Egypt on Wednesday called for a legally binding deal with Ethiopia over the Grand Ethiopian Renaissance Dam (Gerd), saying the Nile’s water is an “existential issue”.
Cairo fears the dam, which is nearly 80 per cent complete, would deeply reduce its vital share of the river’s water.
Egyptian President Abdul Fattah El Sisi made the comments during talks in Cairo with Burundi’s president, Evariste Ndayishimiye. Egypt and Burundi are among 11 countries covered by the Nile’s drainage basin.
“It’s an existential issue that impacts the lives of millions of Egyptians,” Mr El Sisi said.
“It is necessary that a legally binding agreement regulating the filling and operation of the dam be reached as soon as possible away from unilateral actions that seek to create a fait accompli and ignore people’s basics rights.”
The Egyptian leader was referring to Ethiopia’s intention to go ahead with a second and much larger filling of the Gerd in July, regardless of whether a deal has been reached with Egypt and fellow downstream nation Sudan.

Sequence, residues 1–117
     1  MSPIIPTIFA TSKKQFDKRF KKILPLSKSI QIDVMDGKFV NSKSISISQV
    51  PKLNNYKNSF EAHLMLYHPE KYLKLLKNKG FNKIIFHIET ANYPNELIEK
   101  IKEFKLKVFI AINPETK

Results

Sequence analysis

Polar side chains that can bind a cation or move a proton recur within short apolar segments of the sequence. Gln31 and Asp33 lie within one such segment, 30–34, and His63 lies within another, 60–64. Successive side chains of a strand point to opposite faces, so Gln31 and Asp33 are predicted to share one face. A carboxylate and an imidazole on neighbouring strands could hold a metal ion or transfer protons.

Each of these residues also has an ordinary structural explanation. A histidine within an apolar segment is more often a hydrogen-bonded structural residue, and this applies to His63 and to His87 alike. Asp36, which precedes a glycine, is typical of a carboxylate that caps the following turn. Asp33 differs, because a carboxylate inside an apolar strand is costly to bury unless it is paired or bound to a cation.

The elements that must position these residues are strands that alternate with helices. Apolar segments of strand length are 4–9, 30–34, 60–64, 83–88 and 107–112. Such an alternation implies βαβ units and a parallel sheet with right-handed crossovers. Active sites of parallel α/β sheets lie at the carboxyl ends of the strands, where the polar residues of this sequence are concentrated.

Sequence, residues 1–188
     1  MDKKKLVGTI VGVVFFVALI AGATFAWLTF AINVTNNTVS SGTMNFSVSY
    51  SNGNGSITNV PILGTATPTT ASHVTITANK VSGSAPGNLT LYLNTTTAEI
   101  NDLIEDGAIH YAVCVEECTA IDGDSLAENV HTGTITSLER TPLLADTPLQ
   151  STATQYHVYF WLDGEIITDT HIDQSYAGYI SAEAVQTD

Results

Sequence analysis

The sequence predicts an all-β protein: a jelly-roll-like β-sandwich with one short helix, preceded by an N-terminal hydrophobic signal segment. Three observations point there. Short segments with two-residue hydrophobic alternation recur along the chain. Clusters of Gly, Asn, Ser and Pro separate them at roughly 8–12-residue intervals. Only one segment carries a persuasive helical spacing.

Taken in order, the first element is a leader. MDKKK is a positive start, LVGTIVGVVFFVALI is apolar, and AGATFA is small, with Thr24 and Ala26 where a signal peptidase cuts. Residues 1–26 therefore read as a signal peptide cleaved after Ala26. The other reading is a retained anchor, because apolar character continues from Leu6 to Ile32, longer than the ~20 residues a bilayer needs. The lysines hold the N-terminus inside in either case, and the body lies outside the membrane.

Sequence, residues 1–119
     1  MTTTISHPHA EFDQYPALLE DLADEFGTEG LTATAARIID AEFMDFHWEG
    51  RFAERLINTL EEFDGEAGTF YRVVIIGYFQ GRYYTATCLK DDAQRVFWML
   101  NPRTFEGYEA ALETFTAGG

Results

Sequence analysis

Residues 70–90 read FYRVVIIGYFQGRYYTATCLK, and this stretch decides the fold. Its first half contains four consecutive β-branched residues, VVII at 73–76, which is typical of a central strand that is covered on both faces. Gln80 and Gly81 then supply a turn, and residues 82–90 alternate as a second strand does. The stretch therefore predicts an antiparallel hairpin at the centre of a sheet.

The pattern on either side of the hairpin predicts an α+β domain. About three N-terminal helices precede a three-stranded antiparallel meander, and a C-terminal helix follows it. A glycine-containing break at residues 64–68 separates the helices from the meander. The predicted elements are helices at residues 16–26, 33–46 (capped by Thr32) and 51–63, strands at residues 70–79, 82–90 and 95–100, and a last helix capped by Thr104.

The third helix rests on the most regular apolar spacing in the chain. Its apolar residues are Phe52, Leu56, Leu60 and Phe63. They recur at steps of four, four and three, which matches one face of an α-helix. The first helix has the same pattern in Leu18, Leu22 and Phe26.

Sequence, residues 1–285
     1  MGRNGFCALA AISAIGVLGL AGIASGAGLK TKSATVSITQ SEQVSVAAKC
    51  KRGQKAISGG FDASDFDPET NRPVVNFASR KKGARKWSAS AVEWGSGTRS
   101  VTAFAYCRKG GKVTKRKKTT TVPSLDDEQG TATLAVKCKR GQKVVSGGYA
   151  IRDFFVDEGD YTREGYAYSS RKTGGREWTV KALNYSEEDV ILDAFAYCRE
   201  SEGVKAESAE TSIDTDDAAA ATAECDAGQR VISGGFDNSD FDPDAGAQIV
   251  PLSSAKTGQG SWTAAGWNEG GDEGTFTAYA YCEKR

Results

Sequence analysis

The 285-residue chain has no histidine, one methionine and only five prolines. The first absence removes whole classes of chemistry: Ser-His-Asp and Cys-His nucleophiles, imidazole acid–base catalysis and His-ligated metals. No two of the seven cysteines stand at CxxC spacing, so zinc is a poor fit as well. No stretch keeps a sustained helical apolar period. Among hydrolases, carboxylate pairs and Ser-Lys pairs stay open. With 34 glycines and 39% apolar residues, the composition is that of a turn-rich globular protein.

Mr El Sisi has only once before described the Gerd’s likely impact on Egypt’s share of the Nile water as an existential issue.
The second filling will involve 13.5 billion cubic metres – nearly three times the size of the first filling last year.
That disrupted work in several of Sudan’s water treatment facilities but had no impact on Egypt, as flooding had filled its Aswan dam reservoir close to capacity.
Egypt and Sudan have for years been trying to persuade Ethiopia to enter a deal that governs the operation of the dam and puts in place mechanisms to resolve disputes and the handling of persistent drought.